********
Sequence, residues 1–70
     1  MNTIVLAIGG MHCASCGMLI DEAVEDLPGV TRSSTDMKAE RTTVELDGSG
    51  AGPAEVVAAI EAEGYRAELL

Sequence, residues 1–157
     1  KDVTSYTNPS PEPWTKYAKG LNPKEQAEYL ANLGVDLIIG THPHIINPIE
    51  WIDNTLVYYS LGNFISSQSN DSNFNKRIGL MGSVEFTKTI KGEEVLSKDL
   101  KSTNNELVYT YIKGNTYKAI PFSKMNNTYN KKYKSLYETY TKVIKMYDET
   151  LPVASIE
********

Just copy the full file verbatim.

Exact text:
Sequence, residues 1–70
     1  MNTIVLAIGG MHCASCGMLI DEAVEDLPGV TRSSTDMKAE RTTVELDGSG
    51  AGPAEVVAAI EAEGYRAELL

Sequence, residues 1–157
     1  KDVTSYTNPS PEPWTKYAKG LNPKEQAEYL ANLGVDLIIG THPHIINPIE
    51  WIDNTLVYYS LGNFISSQSN DSNFNKRIGL MGSVEFTKTI KGEEVLSKDL
   101  KSTNNELVYT YIKGNTYKAI PFSKMNNTYN KKYKSLYETY TKVIKMYDET
   151  LPVASIE